I write how-to books so for me the writing is about helping others to do a specific job, perform a task, or run a business. I write about what I know and have personally experienced. As I read posts, comments, articles, and even books, I notice that individuals have questions or sometimes I just notice that information seems complex and I can simplify it with my own information. This is how the idea begins and in the next posts I’ll cover how I take those ideas and apply them to my writing.
If you plan to do most of the work yourself because you have the skills or face a limited budget it takes some time and effort to learn the various aspects. I believe that the entire process is often overcomplicated or over priced unnecessarily. To do it yourself it’s important to keep things as simple as possible. I am including a series of posts on my publishing simplified blog and will be sharing some of that information on this blog also. This will include specific methods for simplifying every task. This post is an introduction to the many simple methods I use to write and publish my books and ebooks. These are methods that you can use to keep things simple.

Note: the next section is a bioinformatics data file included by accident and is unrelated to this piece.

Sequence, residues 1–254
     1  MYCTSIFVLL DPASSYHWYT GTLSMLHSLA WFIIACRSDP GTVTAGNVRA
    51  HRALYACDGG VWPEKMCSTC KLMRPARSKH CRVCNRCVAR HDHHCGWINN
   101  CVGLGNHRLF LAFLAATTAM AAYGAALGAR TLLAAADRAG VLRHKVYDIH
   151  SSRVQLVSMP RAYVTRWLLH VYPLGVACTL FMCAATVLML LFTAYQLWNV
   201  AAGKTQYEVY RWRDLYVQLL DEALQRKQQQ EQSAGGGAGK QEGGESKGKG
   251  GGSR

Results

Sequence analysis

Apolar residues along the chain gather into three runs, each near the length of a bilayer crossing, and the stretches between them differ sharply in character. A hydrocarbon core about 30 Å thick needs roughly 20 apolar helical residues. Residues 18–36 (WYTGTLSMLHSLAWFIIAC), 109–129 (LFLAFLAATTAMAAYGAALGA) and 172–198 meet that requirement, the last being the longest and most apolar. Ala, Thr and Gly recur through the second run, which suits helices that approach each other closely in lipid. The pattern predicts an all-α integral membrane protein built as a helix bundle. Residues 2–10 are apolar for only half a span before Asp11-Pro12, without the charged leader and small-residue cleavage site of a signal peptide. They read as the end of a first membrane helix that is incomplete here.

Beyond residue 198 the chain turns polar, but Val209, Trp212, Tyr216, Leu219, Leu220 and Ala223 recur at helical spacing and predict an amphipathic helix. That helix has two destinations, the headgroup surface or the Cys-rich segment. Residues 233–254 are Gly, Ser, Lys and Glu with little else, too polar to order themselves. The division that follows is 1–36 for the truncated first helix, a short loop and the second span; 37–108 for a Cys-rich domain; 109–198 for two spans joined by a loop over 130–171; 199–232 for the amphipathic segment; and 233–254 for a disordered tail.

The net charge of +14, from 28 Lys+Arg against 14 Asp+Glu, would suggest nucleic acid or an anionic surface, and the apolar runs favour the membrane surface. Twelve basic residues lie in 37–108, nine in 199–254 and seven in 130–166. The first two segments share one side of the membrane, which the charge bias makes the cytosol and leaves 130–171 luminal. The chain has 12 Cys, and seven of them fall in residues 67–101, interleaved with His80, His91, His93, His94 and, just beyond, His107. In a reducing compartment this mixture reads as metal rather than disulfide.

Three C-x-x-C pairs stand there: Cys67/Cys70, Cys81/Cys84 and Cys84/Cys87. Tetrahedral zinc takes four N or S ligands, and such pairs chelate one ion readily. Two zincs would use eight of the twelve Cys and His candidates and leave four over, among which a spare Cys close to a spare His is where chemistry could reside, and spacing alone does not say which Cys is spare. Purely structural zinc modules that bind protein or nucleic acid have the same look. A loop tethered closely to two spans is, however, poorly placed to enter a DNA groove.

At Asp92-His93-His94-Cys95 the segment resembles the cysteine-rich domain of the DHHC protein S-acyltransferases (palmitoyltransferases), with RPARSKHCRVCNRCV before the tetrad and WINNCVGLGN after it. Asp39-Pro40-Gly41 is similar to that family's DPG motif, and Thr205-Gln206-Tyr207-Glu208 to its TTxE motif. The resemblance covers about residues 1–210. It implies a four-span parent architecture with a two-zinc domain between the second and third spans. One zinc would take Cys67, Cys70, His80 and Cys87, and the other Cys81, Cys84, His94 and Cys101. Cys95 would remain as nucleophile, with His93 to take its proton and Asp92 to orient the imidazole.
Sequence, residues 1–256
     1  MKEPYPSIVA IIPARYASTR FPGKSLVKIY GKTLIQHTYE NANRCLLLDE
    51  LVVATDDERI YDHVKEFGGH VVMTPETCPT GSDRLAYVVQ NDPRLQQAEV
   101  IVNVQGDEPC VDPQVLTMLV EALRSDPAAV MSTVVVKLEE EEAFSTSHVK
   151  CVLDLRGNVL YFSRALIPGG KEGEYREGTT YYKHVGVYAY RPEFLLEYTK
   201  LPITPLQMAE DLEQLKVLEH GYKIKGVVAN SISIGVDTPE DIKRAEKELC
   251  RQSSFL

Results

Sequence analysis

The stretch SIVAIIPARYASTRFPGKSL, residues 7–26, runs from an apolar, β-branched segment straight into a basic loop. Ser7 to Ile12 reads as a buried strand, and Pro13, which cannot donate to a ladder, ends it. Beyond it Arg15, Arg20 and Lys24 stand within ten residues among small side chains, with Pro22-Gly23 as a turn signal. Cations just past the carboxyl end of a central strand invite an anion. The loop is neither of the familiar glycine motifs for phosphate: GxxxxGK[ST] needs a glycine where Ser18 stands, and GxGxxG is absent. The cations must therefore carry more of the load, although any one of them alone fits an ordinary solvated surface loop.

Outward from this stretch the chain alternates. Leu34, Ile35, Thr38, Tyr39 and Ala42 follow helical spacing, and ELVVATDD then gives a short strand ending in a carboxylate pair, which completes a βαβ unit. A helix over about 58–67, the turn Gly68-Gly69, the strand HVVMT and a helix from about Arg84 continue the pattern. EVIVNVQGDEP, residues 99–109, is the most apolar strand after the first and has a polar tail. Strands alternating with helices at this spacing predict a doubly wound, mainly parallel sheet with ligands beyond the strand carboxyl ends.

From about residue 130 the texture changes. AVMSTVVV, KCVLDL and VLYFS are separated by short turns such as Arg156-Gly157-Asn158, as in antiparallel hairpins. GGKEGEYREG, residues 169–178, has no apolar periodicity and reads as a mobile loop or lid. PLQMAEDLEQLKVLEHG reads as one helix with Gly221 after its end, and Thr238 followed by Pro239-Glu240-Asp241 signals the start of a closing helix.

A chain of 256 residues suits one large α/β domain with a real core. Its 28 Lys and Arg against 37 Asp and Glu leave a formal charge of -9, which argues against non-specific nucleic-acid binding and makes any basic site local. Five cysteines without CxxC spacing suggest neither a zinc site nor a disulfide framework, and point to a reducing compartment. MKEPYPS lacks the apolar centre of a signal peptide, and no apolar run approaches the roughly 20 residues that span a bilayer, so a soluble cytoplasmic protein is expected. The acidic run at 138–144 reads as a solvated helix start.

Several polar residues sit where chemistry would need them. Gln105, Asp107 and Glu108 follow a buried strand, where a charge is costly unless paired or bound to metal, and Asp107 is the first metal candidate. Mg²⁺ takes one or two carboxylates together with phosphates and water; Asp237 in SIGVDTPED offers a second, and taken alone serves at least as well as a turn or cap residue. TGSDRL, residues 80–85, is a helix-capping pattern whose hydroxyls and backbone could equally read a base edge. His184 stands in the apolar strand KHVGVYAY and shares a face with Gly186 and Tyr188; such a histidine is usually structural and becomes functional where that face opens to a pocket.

I write and publish how-to books based on my personal experience but my methods will work just as well for any non-fiction books even if based on research and will even help with fiction books. In the next few posts I will cover every step I go through when writing and publishing my books. If you find them of value you can follow them and ask any questions you may have.
In the next post I will describe how I begin writing my books.
For me, backups have to be controlled manually and they can’t be overdone. I can’t conceive of trusting years of my valuable data to anyone. I’m fairly certain that most individuals would consider my backup methods overkill. I have an original and two copies of all my data on external USB drives and none of it is in the cloud. I encourage others to to do the same because I know it’s critically important to take data backup seriously but there is another method.